Lesson 9 -- first quarter 2005
January 30, 2005
© Copyright 2004, Christian Light Publications
Probing Your Own Heart
Are you fond of position and power?
Do you aspire to serve others for their sakes?
Building on Some Foundational Concepts
A focus on worldly greatness dulls spiritual sensitivity.
As they all walked to Jerusalem, Jesus told His disciples yet again what awaited Him in the city. His words fell on deaf ears. His impending physical agony and His present turmoil of soul did not register on their consciousness. Whatever He had to say meant less to them than their interest in their own place and prestige in His kingdom.
Worldly greatness specializes in exalting self.
Worldly greatness is about me. If my life reveals a focus on me, then it reveals a distraction from Jesus. I should listen for echoes from my own heart in the words of some of the disciples and in the reactions of others. "We would that thou shouldest do for us whatsoever we shall desire...Grant unto us that we...And when the ten heard it, they began to be much displeased with James and John" (Mark 10:35,37,41).
Christian greatness comes from being Christlike.
The Christian's focus, purpose, and power must be (and must constantly return to) Jesus. He came to serve others. He came to live and give His life for others. When our lives demonstrate His life, they also take on a measure of His greatness.
No other calling supersedes Christian service.
"Whosoever will be great among you, shall be your minister: And whosoever of you will be the chiefest, shall be servant of all. For even the Son of man came not to be ministered unto..." (Mark 10:43-45).
Questions and Responses
How could the disciples change the subject so quickly and drastically?
Before you marvel too much at their insensitivity and short attention span, review your own conversational focus after most church services. You and I, like the disciples, will miss the point and power of the teaching we "hear" if we fail to personalize it. They didn't have ears to hear what Jesus was talking about because they were so occupied with their own (more important?) thoughts and concerns. So their apparent change in subject was no change at all -- they had been on that subject all along!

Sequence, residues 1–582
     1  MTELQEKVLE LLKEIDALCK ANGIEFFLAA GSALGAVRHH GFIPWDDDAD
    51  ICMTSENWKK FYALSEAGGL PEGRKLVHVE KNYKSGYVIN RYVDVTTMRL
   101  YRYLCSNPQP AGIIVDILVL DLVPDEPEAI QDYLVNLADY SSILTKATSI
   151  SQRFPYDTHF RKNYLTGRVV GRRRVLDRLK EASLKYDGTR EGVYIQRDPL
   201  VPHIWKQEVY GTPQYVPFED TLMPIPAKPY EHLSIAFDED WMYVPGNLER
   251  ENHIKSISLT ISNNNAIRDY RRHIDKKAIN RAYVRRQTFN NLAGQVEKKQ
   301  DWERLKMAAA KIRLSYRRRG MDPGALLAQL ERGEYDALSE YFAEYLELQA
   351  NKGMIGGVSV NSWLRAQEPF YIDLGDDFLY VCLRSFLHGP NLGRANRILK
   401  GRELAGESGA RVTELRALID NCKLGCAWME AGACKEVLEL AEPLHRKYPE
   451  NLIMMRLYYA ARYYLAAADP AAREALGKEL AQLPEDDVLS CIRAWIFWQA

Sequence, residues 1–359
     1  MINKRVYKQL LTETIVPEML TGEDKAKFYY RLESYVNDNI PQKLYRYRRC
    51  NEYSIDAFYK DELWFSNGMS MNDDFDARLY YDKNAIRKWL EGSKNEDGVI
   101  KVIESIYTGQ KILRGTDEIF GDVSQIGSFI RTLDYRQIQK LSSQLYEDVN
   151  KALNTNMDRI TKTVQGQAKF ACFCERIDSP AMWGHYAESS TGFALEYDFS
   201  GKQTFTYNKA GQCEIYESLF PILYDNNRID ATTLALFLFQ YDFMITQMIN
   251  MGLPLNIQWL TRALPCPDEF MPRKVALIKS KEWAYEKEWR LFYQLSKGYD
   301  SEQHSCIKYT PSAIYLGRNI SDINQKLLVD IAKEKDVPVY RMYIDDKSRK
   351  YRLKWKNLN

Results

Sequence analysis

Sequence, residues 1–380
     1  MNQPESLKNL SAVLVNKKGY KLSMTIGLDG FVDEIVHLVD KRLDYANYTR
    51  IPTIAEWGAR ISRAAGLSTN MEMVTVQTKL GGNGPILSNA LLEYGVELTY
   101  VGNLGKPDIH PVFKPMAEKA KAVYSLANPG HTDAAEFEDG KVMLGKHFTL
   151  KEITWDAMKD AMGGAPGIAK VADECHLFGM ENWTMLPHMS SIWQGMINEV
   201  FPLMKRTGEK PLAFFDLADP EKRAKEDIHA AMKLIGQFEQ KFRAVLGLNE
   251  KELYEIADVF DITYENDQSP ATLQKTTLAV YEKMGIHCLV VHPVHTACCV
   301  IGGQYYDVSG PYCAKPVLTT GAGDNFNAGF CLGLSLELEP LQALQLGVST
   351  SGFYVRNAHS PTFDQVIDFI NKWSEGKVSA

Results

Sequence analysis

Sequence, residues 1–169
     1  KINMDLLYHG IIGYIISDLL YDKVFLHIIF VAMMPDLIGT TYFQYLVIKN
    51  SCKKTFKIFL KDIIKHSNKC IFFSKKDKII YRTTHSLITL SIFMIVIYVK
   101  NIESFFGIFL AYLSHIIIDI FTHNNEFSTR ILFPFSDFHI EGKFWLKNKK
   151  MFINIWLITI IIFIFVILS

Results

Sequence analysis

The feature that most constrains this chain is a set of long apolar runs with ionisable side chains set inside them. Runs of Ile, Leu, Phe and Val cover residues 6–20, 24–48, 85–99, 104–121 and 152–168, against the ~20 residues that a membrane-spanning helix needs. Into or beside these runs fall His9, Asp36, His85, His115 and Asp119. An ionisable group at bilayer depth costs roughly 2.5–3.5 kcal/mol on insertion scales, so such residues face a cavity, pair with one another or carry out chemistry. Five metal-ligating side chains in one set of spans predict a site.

What was Jesus talking about in Mark 10:38?
"Can ye drink of the cup that I drink of? and be baptized with the baptism that I am baptized with?"
Other Scripture passages (such as Luke 22:42) indicate that Jesus was talking about the culmination of His earthly service and self-sacrifice. Jesus was asking His disciples if they too could pour out their lives in selfless service. (Of course they didn't understand His question or even the truthfulness of their own answer!)
How should we respond to those who lord it over us?
The ten were no better than the two. The request of the two revealed their self-absorption. So did the response of the ten!
How would Jesus answer the question? What response would He want from us? "Be servant of all" (Mark 10:44).
"But can't we at least relate to each other as equals?" Hmm. Why?
So if I want to be the greatest, I should serve?
No, not if you're still measuring greatness as the world does. They measure greatness on a comparative basis, which means it is almost always at the expense of someone else.
God measures greatness by the expense exacted from self, not others. God measures greatness by the standard established by the Lord Jesus. God measures greatness by the exaltation He derives.
By all means, serve! But do so for the blessing and benefit of God and your fellowman.
Did Jesus serve because He wanted to be great?
No. That's backward. Because He is great, He wanted to serve. His greatness caused Him to serve.
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